Jean-Michele Gregory directs with an eye for rhythm and build, so that the lack of physicality never feels like a lack.  Seth Reiser’s scenery and lighting design is high-tech and sensitive, like the play itself.

Daisey does include a handout about what you can do.  One suggestion?  “You can think different about upgrading.”  Another is to speak to Apple by emailing CEO Tim Cook at tcook@apple.com.


“The Agony and the Ecstasy of Steve Jobs” runs at the Public Theater, 425 Lafayette Street.  Tickets are available at the Public’s website or by calling (212) 967-7555.

32 replies on “The Religion of Mac Called Into Question”

  1. Interesting. I’m in the middle of the Jobs biography, and it’s pretty appalling what a bully he was to almost everybody who worked for him or negotiated with him. But the devices: still magic.

  2. Funny, reading the bio I didn’t find him so much as a bully as someone who wanted those who worked for him to be as much as a perfectionist as he was. Also, if he were such a bully, why’d folks stay with him and do so much to stay with him?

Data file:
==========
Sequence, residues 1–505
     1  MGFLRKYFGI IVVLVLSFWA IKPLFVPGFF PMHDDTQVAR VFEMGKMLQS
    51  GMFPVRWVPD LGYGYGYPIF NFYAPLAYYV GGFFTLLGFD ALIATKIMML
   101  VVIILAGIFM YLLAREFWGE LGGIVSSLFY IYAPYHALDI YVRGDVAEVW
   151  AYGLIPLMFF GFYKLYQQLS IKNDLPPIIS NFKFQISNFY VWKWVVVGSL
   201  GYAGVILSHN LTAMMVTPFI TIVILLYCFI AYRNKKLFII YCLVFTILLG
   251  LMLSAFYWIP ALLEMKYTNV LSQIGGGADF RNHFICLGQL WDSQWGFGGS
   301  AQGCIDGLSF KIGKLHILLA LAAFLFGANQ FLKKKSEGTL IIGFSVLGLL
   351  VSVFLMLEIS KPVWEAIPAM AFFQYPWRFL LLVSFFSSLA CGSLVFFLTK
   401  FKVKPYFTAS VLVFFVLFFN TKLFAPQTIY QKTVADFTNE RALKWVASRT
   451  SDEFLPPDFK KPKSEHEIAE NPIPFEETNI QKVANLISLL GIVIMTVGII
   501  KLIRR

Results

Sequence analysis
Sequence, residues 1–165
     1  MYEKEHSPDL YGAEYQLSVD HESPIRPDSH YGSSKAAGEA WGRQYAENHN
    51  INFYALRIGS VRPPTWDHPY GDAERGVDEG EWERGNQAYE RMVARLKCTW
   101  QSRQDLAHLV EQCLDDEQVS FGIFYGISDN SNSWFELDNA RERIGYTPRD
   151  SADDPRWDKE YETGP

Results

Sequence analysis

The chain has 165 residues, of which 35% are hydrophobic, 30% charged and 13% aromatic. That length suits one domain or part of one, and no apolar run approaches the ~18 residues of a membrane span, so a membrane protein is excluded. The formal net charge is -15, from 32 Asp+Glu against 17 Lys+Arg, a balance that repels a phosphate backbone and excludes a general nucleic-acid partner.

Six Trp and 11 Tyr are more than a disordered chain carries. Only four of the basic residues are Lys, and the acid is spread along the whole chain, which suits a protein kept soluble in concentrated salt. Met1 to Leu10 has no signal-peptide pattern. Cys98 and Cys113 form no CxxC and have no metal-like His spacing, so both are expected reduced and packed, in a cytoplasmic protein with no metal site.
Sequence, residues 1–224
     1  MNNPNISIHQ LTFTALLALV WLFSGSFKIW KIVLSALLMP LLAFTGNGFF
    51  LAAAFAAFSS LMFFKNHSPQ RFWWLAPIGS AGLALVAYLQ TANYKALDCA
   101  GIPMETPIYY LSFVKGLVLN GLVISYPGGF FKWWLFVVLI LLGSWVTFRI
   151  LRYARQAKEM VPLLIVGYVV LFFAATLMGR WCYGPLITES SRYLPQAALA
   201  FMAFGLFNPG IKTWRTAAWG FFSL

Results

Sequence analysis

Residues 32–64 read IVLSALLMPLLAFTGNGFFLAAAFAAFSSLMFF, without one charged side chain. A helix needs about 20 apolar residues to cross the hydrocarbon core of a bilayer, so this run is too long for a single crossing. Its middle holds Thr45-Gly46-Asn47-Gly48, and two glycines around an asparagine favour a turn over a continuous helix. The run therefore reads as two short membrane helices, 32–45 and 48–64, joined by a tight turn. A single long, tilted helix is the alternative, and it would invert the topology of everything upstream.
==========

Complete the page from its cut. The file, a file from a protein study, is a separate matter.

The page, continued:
A bully is someone who does mean things just to do it, Jobs was hard as hell on folks because it was HIS company. Bill Gates is the same way. And I suspect most leaders of industry (and Presidents, ever hear about Clinton’s anger?) are the same way.

    In many fields, leaders are known to be very hard on folks. Demanding excellence and quick to call folks out who do not meet standards. We cannot reduce this to merely being a “bully.”

    This word drives me nuts because I see a generation of kids (and, sadly some adults) who believe that ANY criticism is the act of a bully. Teaching, I’m often surprised at how thin-skinned many students are- expecting trophies and cookies for their “effort.” Anyway…